In Watchmen the character of Rorschach always speaks with a very growly voice, no matter if acting as Rorschach or simply as Walter Kovacs (well, the latter was probably completely absorbed into the former long ago anyway). Since this is so much different from Jackie Earle Haley's everyday voice, I wonder why he speaks that way all the time.

Is this supposed to be Walter Kovacs's real voice or does he actively speak that way? Is this done (no matter if by Kovacs, Haley, Moore, or Snyder) just to make him more threatening (see this related question) or is there a deeper reason for it? And was this taken from the graphic novel (if such acoustical things can actually be addressed there) or was it added by the movie only (maybe even to underline the "hard-boiledness" of this character)?

  • While maybe related to this question (and I might have asked it together if it had occured to me earlier) I still think it is a completely different question and I wasn't able to get this information out of the answers to that other one yet either. – Napoleon Wilson Sep 17 '13 at 16:49
  • Not sure if the dialogue tag is justified. Feel free to remove it if you don't think so. – Napoleon Wilson Sep 17 '13 at 16:49
  • I think the dialogue tag is fine for this. – Ben Plont Sep 17 '13 at 19:26
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    I dont know, but a practical guess would be it's because he was an undercover agent and that's why he did not want to disclose his identity by exposing his original voice. – Mistu4u Sep 21 '13 at 9:36
  • @Mistu4u That was also my answer to that related question. But in contrast to Bruce Wayne this doesn't make so much sense for such a completely unkown guy like Walter Kovacs, that none of the people Rorschach speaks to have ever seen, let alone noticed. – Napoleon Wilson Sep 21 '13 at 11:08

I think the actor and director were trying to honor Alan Moores depiction of the character(s). I don't remember the difference (if any) between the presentation of Kovacs and Rorschach in the film. But in the comic there is a difference.

The answer to this question is shown gradually. But I think the answer is:

From April 1966 - 1975 Kovacs was playing at being Rorschach; Rorschach had Kovacs voice. In 1975 Rorschach found his real voice. This is why he talks the way he does.

This is why I think this is the answer (I use the original source material in this discussion, because it was a reference that the movie cast and crew used):

The Watchmen comic uses talk bubbles to show the changes that occur to the way Rorschach presents himself outwardly. Kovacs took on the persona of Rorschach prior to Rorschach being "born". Rorschach was at the first ever meeting of "the crimebusters" in April of 1966. In the comic he is shown speaking in this meeting with a regular talk bubble with complete sentences and proper grammar.

enter image description here

While speaking to Dr. Malcolm Long in 1985, Kovacs (with regular talk bubble - and grammer slightly better than Rorschach) describes a kidnapping that occured in 1975. A six year old girl named Blaire Roche. This kidnapping is the catalyst that turned Rorschach into a separate personality, at least that's how Kovacs describes it.

enter image description here

The pivotal moment occurs when (spoilers / possibly disturbing imagry below):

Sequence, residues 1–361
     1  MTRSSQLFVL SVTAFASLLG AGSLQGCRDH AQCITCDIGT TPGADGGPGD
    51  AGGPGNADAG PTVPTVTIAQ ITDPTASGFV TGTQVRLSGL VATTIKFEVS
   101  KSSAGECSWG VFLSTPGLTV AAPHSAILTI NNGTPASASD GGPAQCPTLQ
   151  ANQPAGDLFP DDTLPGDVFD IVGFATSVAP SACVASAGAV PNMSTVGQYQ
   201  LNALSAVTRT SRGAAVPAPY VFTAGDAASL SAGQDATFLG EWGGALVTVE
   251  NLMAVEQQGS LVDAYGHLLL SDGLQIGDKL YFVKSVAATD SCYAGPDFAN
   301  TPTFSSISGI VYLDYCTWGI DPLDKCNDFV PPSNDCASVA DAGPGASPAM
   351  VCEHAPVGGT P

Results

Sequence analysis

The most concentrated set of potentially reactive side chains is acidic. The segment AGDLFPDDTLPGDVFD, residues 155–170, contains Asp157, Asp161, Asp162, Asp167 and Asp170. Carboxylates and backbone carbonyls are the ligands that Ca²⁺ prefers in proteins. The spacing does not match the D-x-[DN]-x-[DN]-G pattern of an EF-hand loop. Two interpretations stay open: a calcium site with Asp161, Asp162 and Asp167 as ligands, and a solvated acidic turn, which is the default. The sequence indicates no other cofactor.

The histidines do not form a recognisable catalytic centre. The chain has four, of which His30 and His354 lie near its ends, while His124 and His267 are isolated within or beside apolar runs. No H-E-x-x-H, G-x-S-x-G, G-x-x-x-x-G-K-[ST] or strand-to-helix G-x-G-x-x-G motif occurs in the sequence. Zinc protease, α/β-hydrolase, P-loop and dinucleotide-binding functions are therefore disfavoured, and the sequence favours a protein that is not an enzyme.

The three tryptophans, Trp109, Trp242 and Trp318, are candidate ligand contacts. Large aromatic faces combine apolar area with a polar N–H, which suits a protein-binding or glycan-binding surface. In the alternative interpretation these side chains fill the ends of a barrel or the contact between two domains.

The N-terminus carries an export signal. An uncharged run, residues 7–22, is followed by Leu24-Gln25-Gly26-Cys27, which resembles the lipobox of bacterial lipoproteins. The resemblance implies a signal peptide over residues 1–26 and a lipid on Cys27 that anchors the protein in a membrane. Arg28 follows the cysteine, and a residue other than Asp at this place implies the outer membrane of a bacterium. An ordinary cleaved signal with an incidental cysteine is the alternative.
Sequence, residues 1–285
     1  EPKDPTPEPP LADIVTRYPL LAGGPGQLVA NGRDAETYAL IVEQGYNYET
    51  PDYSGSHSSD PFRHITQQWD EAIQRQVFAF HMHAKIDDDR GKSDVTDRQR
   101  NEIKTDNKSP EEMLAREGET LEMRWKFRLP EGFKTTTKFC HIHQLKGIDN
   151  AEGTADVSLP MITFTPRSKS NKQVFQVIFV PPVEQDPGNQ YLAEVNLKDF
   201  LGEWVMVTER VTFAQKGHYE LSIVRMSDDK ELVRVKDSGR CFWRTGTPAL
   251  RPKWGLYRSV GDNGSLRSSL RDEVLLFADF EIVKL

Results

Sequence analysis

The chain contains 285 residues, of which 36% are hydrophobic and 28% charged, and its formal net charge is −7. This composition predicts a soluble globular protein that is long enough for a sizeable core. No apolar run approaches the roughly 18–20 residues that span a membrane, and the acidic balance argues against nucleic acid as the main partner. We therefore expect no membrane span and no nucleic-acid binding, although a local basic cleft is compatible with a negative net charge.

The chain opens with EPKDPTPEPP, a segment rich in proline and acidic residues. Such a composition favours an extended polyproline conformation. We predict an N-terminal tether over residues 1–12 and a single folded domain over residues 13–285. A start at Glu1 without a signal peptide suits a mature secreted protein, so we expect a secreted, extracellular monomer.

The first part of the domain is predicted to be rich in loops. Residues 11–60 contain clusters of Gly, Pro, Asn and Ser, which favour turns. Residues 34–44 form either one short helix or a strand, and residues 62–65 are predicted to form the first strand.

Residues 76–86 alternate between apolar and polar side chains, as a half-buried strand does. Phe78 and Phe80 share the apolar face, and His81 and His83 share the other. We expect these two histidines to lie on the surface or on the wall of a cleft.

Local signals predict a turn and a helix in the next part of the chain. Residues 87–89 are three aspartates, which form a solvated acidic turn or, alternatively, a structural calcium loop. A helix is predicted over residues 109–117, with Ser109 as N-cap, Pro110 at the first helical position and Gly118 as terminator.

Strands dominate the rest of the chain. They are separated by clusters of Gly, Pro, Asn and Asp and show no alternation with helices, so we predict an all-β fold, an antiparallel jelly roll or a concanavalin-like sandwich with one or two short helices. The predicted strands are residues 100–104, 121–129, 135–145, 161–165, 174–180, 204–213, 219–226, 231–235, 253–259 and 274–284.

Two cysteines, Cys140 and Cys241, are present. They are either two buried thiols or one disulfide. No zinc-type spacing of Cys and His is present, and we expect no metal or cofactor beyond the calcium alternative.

Rorschach finds that she had been killed and her body was fed to two dogs (Barney and Fred). Rorschach finds the dogs fighting over her bones. He then kills the dogs by splitting their heads with a meat cleaver. Kovacs: The shock of the impact (of the cleaver into the dogs skull) ran along my arm, Kovacs said "mother" and closed his eyes. It was Rorschach who opened them again.

after that every illustartion of Rorschach's dialogue is shown in a broken talk bubble, with poor sentence structure and poor grammar.

enter image description here

However whithout the Rorschach "face" Kovacs is shown talking in a different tone.

enter image description here

I would say from April 1966 - 1975 Kovacs was playing at being Rorschach. In 1975 Rorschach found his real voice. This is why he talks the way he does.

additionally his voice is described by Laurie "Jupiter"

enter image description here

  • Hmm, interresting answer. He doesn't seem to have many problems with grammar in the movie, but he indeed isn't a man of many words and uses rather short sentences. So it was part of Rorschach's character. Yet what I don't completely understand (if it is even answered in the novel) is, if this was a concious decision of Kovacs and thus he was playing Rorschach that way or if it was really innate to the person of Rorschach forming in Kovacs (and thus an actual transformation his voice underwent together with his personality). Or maybe first the former and later the latter. – Napoleon Wilson Sep 17 '13 at 23:08
  • So was it then really Rorschach speaking or rather Kovacs playing Rorschach. But from your descriptions of how this event changed him it's probably the former, I guess. – Napoleon Wilson Sep 17 '13 at 23:31
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    There's a switch with the dogs episode, where that voice becomes Rorschach's real voice. Prior to that, Rorschach spoke with Kovacs' voice. – Ben Plont Sep 17 '13 at 23:35
  • I think the personalities take turns. When the mask is on, it's Rorschach speaking. When it's off it's Kovacs (or Rorschach impersonating Kovacs). – Ben Plont Sep 17 '13 at 23:36
  • While not being a comic (or graphic novel) enthusiast in any way, I more and more feel the desire to get my hands on this one. Having seen the movie quite some times already since its release, the last time really got me hooked somehow. ;-) – Napoleon Wilson Sep 18 '13 at 8:17

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